The air was acrid with smoke. Thankfully, the smell of Jessica's flesh and hair burning had dissipated over the San Francisco Bay.
Sam was still wheezing a bit, even after 20 minutes on pure oxygen. The paramedics insisted he should be taken to the hospital, but Sam refused treatment. He opted instead to sit on the curb by the Impala, head on his big brother's shoulder, as the fire was extinguished. Too shocked to care, Sam's tears streamed unchecked.
Dean didn't want to leave Sam alone in his grief, but he was afraid he wouldn't have another chance to retrieve Sam's meager belongings once Jessica's apartment became a taped-off crime scene. Donning a pilfered fireman's coat, Dean easily slipped up the back stairs as emergency personnel came and went.
Like its Lawrence counterpart, the fire over Sam's bed miraculously contained itself to only one room. The red and white Stanford gym bag Sam requested was in the back corner of the living room closet under a blanket with a Navajo pattern.
Hefting the bag, Dean heard the familiar rattle of weaponry. A white envelope jutted from the side pocket. Dean pulled it free to read the words Ocean City 2000 written on the front in Sam's careful printing.
Dean knew he shouldn't linger in the apartment, but he felt compelled to find out what was inside the mysterious envelope. He slipped into the nearby bathroom and shut the door. The envelope was worn and pliant, apparently from much opening. In the dim glow of a streetlight, Dean viewed its contents—a single piece of paper.
The strip of four black and white photos had come from a photo booth on the boardwalk in Ocean City, Maryland.
That summer, Sam was 17 and still coltish. Dean was 22, cocky, with the world at his feet. Dad had brought them to Assateague National Park to investigate a haunting at the campground. They easily and painlessly dispatched the offending spirit.
Dad, in an unprecedented display of generosity and frivolity, handed each of them $20 and sent them eight miles north to the Ocean City boardwalk for the afternoon.
Still dazed by Dad's gesture, it took the boys awhile to remember how to have fun. Among the vacationers, they felt out of place in jeans and T-shirts. Then, the smells hit them: peppers and onions from a hot sausage stand, fresh soft pretzels from a nearby cart, oily French fries with vinegar, and the musky tang of hot caramel corn being stirred.
Despite being surrounded by scantily-clad teenage girls, Dean only had eyes for food. Sam indulged Dean's binge, enjoying his own more modest share of decadent beach treats before convincing Dean to join him for some of the thrill rides on the pier. They rode the Tilt-a-Whirl, the Wild Mouse and the cheesiest haunted house of all time.
The huge Ferris Wheel afforded them a panoramic view of the town, the boardwalk and well out to sea. Across the spacious car, Sam's face wore a look of utter contentment as the salty ocean breeze blew his girlish hair around. They locked eyes. Sam grinned and kicked at Dean's booted foot.
"You're getting sunburned," Sam informed him. "Let's go to the arcade."
The old photo booth was in a forgotten back corner near the Skee-ball machines. "C'mon," Sam jerked his head towards it. "It'll be fun."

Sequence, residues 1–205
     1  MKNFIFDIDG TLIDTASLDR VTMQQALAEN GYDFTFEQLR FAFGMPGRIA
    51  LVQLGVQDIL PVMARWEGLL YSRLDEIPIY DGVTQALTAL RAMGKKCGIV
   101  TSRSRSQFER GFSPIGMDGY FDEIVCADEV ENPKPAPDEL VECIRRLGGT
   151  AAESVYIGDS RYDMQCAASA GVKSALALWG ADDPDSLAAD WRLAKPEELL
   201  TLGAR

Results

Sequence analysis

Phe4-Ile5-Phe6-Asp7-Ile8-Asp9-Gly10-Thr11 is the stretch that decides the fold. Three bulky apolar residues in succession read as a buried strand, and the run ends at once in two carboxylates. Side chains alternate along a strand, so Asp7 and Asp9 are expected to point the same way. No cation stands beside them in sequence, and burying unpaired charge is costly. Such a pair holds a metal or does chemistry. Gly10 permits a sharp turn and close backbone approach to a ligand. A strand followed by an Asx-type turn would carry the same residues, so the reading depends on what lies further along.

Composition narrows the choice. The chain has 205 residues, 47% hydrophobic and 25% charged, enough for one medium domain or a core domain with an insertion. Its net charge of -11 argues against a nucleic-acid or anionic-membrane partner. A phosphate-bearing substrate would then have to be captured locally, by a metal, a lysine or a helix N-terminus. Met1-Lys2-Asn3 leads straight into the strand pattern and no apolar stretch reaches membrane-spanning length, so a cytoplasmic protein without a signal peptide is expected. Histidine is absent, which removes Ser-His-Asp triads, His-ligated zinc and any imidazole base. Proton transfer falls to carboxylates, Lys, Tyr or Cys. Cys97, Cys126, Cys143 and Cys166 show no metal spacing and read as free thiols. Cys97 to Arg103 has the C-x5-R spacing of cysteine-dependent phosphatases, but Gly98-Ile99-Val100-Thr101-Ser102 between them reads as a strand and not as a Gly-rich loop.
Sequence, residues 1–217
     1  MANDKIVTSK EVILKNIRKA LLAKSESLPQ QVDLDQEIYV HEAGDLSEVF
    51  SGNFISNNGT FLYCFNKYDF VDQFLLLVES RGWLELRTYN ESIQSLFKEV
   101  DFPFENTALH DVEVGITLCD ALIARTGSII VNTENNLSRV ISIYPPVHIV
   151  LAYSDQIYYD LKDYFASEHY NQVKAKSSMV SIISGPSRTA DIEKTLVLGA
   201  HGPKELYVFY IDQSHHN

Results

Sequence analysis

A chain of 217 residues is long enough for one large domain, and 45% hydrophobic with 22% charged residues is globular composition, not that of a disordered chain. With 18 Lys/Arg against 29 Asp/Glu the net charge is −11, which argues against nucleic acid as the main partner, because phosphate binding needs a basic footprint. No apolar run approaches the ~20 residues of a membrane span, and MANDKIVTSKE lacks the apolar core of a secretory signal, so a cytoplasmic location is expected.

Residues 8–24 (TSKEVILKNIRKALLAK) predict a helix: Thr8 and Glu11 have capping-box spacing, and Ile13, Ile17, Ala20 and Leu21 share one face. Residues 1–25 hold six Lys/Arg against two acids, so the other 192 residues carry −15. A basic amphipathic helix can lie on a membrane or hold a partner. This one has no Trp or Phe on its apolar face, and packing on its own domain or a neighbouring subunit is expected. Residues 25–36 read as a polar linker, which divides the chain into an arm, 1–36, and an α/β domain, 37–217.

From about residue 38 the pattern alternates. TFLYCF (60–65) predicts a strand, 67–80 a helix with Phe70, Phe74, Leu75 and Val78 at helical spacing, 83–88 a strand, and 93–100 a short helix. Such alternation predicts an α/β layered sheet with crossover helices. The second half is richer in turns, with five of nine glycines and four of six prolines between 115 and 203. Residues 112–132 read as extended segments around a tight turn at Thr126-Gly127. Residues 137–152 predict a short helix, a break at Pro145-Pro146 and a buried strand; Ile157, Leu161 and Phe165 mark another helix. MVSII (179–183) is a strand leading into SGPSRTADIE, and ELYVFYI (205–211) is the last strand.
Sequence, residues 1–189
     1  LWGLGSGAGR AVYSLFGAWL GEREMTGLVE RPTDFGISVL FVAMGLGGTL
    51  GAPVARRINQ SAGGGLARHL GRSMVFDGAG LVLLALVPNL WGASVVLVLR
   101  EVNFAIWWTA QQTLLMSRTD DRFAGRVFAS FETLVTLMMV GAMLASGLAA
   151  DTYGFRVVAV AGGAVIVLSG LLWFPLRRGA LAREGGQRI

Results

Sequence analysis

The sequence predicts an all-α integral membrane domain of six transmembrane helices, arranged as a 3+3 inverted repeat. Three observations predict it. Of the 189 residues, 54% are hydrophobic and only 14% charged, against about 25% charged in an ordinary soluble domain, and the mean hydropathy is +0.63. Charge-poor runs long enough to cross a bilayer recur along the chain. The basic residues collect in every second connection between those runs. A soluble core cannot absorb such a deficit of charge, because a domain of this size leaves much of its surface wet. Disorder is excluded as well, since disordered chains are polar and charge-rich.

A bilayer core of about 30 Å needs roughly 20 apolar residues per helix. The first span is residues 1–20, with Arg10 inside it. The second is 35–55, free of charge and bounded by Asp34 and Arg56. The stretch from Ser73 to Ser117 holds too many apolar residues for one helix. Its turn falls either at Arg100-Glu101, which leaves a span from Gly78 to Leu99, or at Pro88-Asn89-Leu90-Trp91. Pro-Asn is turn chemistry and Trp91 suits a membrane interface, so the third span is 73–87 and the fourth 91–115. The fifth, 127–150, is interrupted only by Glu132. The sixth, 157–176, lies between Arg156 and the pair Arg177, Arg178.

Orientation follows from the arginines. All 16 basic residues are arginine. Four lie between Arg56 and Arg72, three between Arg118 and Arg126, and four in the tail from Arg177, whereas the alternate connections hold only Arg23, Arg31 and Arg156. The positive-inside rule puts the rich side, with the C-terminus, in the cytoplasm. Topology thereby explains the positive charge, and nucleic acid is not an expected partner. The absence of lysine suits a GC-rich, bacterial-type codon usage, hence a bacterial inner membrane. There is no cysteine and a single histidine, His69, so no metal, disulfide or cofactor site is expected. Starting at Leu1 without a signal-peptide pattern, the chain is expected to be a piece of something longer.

"I look like a tomato," Dean groused.
"Won't matter… they're black and white," Sam attempted to smooth down his wind-blown hair. "I have a dollar left, and I want pictures, Dean." And, bam, out came the patented puppy dog eyes of doom.
Shaking his head in surrender, Dean pushed aside the curtain and entered the booth. Sam fed quarters into the coin slot and crowded in after him. "Scootch over!"
The first two pictures ended up being an awkward tableau of elbows as they maneuvered for stool space.
"I had so much fun today, Dean," Sam told him, his voice little more than a whisper, head turned away.
Dean realized Sam was almost in tears. "Hey… hey!" Dean nudged him with his shoulder. "This is for posterity, Princess."
He placed his left hand on Sam's cheek and turned his brother's face towards the camera. Then, for reasons he didn't entirely understand, he guided Sam's mouth towards his own and kissed him, his thumb caressing Sam's cheekbone lovingly as the final picture snapped. Sam tasted like salt and cotton candy.
Dean smiled at the fond memory. That day, Dean hadn't yet known that Sam planned to head to Stanford at the end of August.
While Dean's head understood Sam's decision, his heart never did. Their recent hunt of the Woman in White had awakened feelings Dean had thought he'd repressed. Despite the sad circumstances, he missed Sam, and was very eager to have him a travelling companion again.
He'd only been away from Sam's side for five minutes, but it felt as if he'd relived that entire afternoon in Ocean City during that time. He found his brother, stubbornly standing by the trunk of the Impala, sorting through the arsenal.
Sam turned to face him expectantly, a sawed-off shotgun in one hand.
"Found it," Dean said gruffly, handing him the bag. The envelope had been securely returned to its side pocket. Their eyes locked for a fraction of a second.
"Thanks, Dean," Sam found a corner of the trunk in which to place his belongings, then tossed the shotgun in on top of it. He nodded resolutely, "We've got work to do."